Sommerleigh Pollonais, Senior Writer
Plot: A bouncer named Liddy has a slightly murderous anger-management problem. She controls her condition with the help of an electrode-lined vest which she uses to shock herself back to normalcy whenever she gets homicidal. After the first guy she’s ever fallen for is murdered she goes on a revenge-fueled rampage to find the killer while the cops pursue her as their chief suspect.
Review: Is it weird to call an action movie “breezy”? Because that’s the word that kept coming to mind while watching Jolt, a movie I thought would be akin to Jason Statham’s Crank but instead felt like a romcom with people getting punched in the face.
Starring one of the few petite actresses out there that manage to play convincing badassess (Zoe Saldana and Gal Gadot also come to mind) Kate Beckinsale (the Underworld series/Van Helsing) plays Liddy, a woman who has struggled with a rare condition all her life that makes her extremely volatile. The annoying things you and I would put up with, like people who chew loudly or a rude waiter, sends her into a murderous rage and the only thing that helps is a device created by her sort-of-friend and psychiatrist Dr Munchin played by Stanley Tucci (The Lovely Bones and Spotlight) who is woefully underused here.
After Munchin encourages her to make human connections she decides to go on a blind date. At the date she meets Justin (Jai Courtney of Suicide Squad, Jack Reacher) who turns out to be charming, funny and—most importantly—unafraid of her condition. But what seems like the beginning of a beautiful love story is cut short when Justin is murdered. And Liddy being Liddy decides against the instructions of buddy cops Detective Vicars (Bobby Cannavale of Ant Man, Boardwalk Empire) and Detective Nevin (Laverne Cox from Orange is the New Black) to go after those responsible for taking away her shot at happiness.
Sounds like a straightforward revenge action thriller, right? Well, director Tanya Wexler and her team take us in a somewhat different direction as the tone of Jolt is more comedic than you would expect. Not that there’s anything wrong with that, but I think most people coming into this are probably expecting to see Beckinsale all serious and badass like her Selene persona in Underworld. Instead, she’s a woman who just wants to be normal but who also tells it like it is, has a sharp and cynical sense of humour, and who’s capable of beating you to death with a shoe if she has to.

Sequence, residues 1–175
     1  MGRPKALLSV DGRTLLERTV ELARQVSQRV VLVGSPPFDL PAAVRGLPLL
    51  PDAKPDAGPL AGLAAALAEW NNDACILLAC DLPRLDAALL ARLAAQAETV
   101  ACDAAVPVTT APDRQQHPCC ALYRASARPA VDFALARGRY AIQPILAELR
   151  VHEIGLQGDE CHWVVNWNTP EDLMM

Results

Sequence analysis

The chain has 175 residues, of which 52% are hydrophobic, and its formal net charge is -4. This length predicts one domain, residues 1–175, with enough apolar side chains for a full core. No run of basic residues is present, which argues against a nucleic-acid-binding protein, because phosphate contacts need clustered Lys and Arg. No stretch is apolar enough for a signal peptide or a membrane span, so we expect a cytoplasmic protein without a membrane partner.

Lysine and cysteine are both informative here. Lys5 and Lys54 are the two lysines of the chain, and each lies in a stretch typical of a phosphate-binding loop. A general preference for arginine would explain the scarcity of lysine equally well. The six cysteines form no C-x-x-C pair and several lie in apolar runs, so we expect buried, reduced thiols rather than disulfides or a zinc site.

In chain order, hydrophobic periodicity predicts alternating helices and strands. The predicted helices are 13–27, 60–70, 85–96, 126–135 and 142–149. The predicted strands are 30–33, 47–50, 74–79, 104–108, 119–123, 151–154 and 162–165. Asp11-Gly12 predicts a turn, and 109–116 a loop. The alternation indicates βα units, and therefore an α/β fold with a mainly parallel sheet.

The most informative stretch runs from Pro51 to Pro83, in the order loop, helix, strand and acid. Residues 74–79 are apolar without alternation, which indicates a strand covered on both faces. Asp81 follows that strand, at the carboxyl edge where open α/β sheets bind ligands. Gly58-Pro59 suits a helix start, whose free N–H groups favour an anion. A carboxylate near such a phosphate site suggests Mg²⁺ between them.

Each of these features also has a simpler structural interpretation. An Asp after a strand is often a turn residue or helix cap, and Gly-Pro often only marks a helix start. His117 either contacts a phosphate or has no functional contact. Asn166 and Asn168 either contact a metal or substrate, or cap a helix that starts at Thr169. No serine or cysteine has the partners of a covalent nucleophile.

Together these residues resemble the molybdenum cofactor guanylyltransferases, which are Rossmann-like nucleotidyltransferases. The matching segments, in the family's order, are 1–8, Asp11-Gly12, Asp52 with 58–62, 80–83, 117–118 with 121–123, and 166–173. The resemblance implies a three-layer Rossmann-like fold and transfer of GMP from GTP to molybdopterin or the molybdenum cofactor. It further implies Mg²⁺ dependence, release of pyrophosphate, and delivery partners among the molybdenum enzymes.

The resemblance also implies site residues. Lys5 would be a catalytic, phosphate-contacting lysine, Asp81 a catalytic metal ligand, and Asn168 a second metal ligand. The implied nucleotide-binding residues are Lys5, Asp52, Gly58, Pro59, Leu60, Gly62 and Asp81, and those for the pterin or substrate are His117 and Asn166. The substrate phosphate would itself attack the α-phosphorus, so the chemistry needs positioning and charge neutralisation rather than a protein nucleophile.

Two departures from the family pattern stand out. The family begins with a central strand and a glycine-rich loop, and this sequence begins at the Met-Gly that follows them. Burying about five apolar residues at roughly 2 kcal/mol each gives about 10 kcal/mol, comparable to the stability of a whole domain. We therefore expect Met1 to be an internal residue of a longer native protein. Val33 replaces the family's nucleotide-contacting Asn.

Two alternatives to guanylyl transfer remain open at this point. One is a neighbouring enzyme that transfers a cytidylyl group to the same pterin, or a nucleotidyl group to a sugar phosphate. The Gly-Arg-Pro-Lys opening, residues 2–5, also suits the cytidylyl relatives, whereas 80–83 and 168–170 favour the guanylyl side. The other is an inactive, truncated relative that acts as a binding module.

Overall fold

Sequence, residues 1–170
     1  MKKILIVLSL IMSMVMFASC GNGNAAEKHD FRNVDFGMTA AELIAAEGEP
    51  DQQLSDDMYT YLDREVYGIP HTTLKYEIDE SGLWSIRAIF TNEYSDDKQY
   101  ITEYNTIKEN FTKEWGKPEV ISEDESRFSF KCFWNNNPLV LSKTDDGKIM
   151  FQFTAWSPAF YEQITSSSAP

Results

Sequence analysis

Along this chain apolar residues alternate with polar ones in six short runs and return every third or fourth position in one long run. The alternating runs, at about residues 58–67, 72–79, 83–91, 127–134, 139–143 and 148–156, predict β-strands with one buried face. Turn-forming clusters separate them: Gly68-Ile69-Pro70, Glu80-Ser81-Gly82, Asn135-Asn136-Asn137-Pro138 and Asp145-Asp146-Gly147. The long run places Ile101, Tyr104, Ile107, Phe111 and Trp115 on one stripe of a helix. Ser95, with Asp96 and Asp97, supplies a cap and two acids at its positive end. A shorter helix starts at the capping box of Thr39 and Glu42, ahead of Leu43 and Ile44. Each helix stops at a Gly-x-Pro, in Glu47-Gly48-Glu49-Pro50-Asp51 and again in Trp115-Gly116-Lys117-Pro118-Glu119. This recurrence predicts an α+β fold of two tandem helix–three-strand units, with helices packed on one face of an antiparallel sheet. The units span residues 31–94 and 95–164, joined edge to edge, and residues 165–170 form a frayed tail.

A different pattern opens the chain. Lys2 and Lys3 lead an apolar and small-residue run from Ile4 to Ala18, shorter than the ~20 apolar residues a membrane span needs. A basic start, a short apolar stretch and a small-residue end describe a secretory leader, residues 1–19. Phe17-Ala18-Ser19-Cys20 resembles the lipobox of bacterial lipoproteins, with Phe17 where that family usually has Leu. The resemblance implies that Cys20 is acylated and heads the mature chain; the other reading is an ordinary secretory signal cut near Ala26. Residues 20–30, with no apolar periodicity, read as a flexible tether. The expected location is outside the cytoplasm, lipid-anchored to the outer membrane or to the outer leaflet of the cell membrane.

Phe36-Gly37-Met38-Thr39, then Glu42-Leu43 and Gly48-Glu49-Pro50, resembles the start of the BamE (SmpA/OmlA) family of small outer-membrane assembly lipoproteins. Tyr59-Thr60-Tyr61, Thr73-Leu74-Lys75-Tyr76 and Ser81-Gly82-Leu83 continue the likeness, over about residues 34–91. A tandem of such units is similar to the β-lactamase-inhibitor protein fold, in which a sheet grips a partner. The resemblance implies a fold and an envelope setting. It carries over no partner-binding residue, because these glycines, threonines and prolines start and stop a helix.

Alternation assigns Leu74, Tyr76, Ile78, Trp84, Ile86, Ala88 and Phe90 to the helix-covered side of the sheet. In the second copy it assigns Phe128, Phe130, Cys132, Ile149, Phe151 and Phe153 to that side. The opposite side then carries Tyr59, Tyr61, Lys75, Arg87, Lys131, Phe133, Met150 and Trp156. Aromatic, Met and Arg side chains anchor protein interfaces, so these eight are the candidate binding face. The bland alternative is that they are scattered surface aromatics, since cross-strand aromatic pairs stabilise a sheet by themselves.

Once I let go of my preconceived notions, I actually enjoyed the lighter tone of Jolt. Jai Courtney and Kate Beckinsale have great on-screen chemistry together, which makes it a little easier to believe she would go all vigilante-style to solve the murder of a man she had only been on two dates with. Solid chemistry and easy camaraderie also extends to Cannavale, Cox and Tucci as well. It must’ve been fun behind the scenes of this film because everyone seemed very relaxed with each other and their roles, which went a long way in making the movie enjoyable.
The action sequences aren’t anything to write home about though. They’re fine and all but none of them stood out or made me sit up and go “Wow!” Considering this is supposed to be someone whose anger makes them go off the rails I was expecting a lot more (again, Crank comes to mind). But what we get here is the same level of stuff you would see on television.
Overall though, Jolt is an easy, breezy action comedy that’s enjoyable due to its performances. The action is serviceable but not memorable and the ending sets us up for a sequel that hopefully packs a bit more punch. If you’re looking for something light to pass the time this film will be just the jolt you need.
Sommer’s Score: 6 out of 10
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Sommerleigh of the House Pollonais. First of Her Name. Sushi Lover, Queen of Horror Movies, Comic Books and Binge Watching Netflix. Mother of two beautiful black cats named Vader and Kylo. I think eating Popcorn at the movies should be mandatory, PS4 makes the best games ever, and I’ll be talking about movies until the zombie apocalypse comes.
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